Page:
THE world’s leading air travel group is opposing 14-day quarantines in the UK and Spain for arriving flight passengers.
Alexandre De Juniac, chief executive for the International Air Transport Association (IATA) said that his members and the whole industry is utterly against the introduction of the restrictive measures.
“International travel cannot restart under such conditions,” De Juniac said, citing a study that found 59 per cent of people wouldn’t fly in such circumstances.
“A globally coordinated bio-security system including temperature checks and contact tracing would manage the risk,” he added.
Meanwhile demand for air travel will lag behind pre-coronavirus forecasts for at least five more years, according to the latest projections from IATA.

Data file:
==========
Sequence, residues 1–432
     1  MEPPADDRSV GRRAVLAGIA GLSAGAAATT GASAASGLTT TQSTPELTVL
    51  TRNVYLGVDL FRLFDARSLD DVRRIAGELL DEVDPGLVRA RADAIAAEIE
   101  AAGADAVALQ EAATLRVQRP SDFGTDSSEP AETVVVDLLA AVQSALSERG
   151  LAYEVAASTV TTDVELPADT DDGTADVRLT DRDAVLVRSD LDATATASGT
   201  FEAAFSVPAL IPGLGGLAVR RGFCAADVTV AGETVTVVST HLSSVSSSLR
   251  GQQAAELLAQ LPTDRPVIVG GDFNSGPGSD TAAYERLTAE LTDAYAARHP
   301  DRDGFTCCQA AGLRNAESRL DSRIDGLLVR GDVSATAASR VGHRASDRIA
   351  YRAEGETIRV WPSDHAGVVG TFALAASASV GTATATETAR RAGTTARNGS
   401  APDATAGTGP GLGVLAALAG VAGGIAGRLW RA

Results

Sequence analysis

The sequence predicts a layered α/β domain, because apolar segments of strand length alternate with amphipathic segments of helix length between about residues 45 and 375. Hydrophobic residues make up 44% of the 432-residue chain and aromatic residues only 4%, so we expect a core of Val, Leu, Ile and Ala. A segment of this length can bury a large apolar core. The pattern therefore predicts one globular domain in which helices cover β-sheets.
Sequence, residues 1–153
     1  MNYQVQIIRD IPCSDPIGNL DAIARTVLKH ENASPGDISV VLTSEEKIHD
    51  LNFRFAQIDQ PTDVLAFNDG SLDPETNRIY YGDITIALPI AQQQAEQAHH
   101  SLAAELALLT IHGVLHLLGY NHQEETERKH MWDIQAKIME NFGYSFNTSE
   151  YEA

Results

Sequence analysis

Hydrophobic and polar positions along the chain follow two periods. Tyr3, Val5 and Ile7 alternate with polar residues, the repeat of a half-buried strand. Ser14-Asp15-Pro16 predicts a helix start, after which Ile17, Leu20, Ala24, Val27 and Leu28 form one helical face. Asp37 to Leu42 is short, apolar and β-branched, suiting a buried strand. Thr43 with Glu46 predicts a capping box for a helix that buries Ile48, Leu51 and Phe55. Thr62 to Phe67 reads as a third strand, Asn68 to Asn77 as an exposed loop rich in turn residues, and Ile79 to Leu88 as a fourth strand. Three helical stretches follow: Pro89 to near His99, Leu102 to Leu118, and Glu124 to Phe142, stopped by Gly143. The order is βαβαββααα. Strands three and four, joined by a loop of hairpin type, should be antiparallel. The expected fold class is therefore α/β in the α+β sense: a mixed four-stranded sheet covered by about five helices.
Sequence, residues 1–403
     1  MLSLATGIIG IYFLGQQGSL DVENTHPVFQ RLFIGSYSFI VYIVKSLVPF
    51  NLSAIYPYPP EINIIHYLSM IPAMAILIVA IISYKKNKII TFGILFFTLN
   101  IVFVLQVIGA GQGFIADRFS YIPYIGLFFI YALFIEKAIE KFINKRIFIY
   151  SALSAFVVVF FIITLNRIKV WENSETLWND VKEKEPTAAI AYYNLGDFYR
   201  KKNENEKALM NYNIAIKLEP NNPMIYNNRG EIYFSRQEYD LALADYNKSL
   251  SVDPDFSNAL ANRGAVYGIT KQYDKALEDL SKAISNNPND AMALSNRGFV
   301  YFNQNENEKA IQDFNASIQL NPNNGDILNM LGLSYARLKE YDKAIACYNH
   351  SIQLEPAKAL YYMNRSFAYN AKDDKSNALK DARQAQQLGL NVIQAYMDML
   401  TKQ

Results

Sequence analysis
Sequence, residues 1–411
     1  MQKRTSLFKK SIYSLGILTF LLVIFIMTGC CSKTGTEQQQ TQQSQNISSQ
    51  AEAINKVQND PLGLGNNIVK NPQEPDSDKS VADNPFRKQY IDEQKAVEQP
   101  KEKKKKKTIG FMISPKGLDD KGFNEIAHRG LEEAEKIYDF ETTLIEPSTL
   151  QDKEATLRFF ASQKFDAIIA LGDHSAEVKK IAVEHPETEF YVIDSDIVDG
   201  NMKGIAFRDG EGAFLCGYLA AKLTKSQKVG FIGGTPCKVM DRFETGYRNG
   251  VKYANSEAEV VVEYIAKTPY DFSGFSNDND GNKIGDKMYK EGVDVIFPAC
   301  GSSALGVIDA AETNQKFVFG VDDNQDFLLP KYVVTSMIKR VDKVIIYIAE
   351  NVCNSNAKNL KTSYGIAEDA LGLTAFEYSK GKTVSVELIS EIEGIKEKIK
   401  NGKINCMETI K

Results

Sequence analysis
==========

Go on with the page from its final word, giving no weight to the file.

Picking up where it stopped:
Global traffic, or the number of passengers carried times the distance flown, will still be about 10 per cent below original estimates for 2025, according to Brian Pearce, the trade group’s chief economist.
Traffic next year will be down between a third and two-fifths from projections made prior to the pandemic, according to IATA, which doesn’t see travel recovering to last year’s levels until 2023 at the earliest.
Pearce said he expected a rebound in demand to come about two years after an upturn in GDP, partly due to the increased inconvenience of travel.
IATA said underlying drivers behind a decades-long boom in air travel – chiefly improved living standards in emerging markets – remain solid and will ultimately spur demand.